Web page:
Social Movements and Politics in India (MPSE-007) is one of the optional courses of the Masters in Political Science (MPS) programme. It aims to acquaint students with the meaning, theories and operations of the social movements in India and their relationship with politics. Social movements have always been significant part of the peoples' activities. But is since the last three decades of the twentieth century that they have become quite prominent in India. They have not only opened new issues and debates in the academic discourse, they have also caught the attention of the policy makers. It is, however, a different matter whether all social movement have been successful in their goals or not. As a result of the changes in the social and economic situations in the country and international political economy a large number of social groups have emerged on the social and political scene in India. A large number of social groups are involved in their social movements - dalits, OBCs, women, farmers/peasants, workers, environmental and ecological groups, fisher folks, etc.
Usually scholars use "social" and "political" movements interchangeably. Social movement means collective action on the part of the people. There are different forms of collective actions. But all collective actions can not be called social movements. Spontaneous or the immediate reaction of a group of people to a particular event can not be called a social movement. Mob action in rioting is collective action but not social movement. A collective action which is part of the institutional functioning like voting in election can also not be called social movement. Social movement is a collective deliberate action. The collective actions include protest against the policies and actions of the state or the dominant classes in the society. Their main objective is to achieve social change focusing on rights, dignity, social justice. Even the movements which are opposed to the social change or the counter-movements form part of the social movements. Social movements have formal or informal organisations, leadership, ideologies and programmes: They may follow some patterns or strategies of mobilisation of the participants in order to pressurise the political authority. Social movements thus are an essential component of democratic processes.
This course has 17 units. The first three units deal with the conceptual frameworks about the social movements. Unit 1 explains the meaning, significance and components of social movements. Unit 2 deals with the approaches to study social movements. Unit 3 is about the classification of social movements.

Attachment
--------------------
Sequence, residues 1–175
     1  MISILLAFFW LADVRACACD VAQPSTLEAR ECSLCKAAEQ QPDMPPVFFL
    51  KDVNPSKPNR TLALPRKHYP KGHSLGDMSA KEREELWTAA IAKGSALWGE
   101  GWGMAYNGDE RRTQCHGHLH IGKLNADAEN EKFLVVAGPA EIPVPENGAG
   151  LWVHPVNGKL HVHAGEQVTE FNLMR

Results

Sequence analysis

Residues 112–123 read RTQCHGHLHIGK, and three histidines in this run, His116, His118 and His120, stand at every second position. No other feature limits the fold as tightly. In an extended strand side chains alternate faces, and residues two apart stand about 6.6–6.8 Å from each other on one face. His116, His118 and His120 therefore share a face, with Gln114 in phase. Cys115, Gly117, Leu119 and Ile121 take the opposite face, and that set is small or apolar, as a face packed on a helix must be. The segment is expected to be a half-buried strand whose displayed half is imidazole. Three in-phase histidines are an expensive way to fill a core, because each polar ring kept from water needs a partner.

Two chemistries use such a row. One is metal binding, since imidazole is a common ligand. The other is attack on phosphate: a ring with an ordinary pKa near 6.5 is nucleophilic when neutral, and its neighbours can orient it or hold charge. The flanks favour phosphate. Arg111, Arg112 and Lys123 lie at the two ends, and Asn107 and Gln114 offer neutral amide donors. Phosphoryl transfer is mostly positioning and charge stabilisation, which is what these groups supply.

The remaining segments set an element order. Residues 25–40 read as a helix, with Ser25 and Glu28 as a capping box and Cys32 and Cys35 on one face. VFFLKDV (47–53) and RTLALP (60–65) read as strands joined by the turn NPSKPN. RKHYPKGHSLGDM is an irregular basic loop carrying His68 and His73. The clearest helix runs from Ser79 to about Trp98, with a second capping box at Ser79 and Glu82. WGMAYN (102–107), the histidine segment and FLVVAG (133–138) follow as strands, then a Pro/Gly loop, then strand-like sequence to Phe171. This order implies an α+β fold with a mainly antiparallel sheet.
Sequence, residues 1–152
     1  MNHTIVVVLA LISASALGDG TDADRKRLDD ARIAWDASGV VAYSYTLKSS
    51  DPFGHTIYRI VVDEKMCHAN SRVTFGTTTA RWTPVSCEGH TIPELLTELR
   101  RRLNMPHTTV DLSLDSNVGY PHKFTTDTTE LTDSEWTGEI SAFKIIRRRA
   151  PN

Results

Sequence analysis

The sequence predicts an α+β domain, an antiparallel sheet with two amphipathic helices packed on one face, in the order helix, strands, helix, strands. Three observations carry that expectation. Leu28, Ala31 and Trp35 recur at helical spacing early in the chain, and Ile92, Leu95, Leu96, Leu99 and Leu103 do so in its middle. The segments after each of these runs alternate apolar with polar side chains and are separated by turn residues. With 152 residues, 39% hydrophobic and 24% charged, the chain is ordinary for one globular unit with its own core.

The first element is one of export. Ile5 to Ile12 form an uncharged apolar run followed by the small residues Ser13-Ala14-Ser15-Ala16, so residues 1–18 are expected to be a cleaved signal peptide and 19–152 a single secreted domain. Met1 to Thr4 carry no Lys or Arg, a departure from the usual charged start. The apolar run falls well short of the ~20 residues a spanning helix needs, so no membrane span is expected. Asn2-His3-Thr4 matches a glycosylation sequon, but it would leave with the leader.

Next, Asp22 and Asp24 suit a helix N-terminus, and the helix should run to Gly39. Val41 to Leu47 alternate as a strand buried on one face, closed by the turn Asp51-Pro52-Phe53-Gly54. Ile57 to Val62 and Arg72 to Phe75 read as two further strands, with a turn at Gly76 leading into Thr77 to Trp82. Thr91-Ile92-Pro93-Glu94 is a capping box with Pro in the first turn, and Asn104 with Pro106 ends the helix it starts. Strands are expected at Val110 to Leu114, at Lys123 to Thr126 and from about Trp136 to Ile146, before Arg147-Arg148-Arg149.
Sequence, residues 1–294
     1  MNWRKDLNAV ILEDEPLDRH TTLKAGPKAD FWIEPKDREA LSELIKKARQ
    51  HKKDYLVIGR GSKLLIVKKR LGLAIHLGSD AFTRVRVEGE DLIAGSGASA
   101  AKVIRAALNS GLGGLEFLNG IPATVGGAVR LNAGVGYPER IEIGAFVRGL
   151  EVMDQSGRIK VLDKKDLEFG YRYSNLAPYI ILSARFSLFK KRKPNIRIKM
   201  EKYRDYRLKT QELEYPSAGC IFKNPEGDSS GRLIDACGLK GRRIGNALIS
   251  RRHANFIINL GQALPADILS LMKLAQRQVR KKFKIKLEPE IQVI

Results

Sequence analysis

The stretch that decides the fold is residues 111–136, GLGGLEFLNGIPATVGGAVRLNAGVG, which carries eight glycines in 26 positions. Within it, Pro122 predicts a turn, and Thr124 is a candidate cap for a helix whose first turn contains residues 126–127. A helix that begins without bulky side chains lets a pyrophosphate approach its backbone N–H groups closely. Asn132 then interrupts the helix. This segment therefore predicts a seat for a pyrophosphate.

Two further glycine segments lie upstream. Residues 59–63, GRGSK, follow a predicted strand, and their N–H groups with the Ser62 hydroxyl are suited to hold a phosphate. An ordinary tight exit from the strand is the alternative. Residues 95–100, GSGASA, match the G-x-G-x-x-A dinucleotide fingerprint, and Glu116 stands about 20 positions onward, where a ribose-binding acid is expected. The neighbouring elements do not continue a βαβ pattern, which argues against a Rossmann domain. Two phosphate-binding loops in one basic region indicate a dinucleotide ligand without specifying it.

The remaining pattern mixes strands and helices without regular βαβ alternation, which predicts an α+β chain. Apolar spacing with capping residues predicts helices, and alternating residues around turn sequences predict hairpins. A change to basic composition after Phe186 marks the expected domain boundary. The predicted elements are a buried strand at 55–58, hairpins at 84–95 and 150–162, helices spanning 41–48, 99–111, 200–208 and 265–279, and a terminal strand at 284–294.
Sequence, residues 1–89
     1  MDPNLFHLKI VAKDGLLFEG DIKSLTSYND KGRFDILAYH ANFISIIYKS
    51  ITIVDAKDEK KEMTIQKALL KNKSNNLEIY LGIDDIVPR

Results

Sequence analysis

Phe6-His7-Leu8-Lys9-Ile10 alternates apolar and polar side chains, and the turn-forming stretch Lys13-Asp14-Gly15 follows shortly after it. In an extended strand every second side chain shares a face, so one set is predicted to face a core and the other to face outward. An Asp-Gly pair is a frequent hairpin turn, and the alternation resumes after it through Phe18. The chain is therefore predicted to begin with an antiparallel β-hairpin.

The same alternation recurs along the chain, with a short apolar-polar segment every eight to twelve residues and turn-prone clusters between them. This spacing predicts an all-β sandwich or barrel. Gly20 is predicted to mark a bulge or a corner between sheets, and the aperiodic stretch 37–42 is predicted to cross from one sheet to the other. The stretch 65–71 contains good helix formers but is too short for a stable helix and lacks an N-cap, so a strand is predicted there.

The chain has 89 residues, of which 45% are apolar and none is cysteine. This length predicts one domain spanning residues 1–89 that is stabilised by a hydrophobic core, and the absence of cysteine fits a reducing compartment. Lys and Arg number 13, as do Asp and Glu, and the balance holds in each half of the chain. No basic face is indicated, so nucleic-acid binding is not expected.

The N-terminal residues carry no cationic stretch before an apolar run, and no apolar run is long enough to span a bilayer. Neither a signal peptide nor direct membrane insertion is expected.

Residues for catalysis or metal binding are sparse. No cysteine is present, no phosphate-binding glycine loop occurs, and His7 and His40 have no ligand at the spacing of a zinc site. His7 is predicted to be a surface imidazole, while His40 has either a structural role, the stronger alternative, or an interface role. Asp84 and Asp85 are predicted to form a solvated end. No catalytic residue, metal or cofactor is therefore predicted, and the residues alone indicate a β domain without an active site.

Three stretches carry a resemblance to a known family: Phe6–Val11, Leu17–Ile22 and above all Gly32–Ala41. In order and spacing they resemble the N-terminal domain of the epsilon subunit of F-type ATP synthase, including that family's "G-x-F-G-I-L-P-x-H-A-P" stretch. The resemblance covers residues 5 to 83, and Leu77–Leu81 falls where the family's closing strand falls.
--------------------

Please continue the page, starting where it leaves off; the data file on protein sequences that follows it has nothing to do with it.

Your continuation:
Next three units seek to provide a context to the social movements in India. Unit 4 explains the changes which have taken place in Indian society and their relationship to the democratisation. Unit 5 attempts to relate the social movements to the phenomenon of globalisation. Unit 6 is concerned with the changing nature and roles of the state and market their impact on the social movements.
Units 7-12 deal with the social movements with reference to the collective actions-of identities and their struggle to get social justice. Units 7 and 8 focus on the movements of dalits and backward classes respectively. Unit 9 discusses the ethnic movements with special reference to tribals. Unit 10 is about the women's movements. Unit 11 is concerned with regional movements. Unit 12 attempts to explain the religious and communal movements.
Units 13-17 seek to relate the social movements to the broader issues of development Unit 13 is about the collective actions of variuos agrarian classes. Unit 14 deals v the working class movements. Unit 15 is concerned with the fisher folks movement Unit 16 discusses environmental and ecological movements. Unit 17 attempts to ass the significance of the social movements to democracy in India.
The units in this book have been carefully written by the specialists engaged in study and research on social movements. The names of the authors are listed in the book is advised that the students read as much of the books and articles listed at the end of the book in the suggested readings, Students are also advised to relate whatever t read in this book to their own observations about the social movements and politics.
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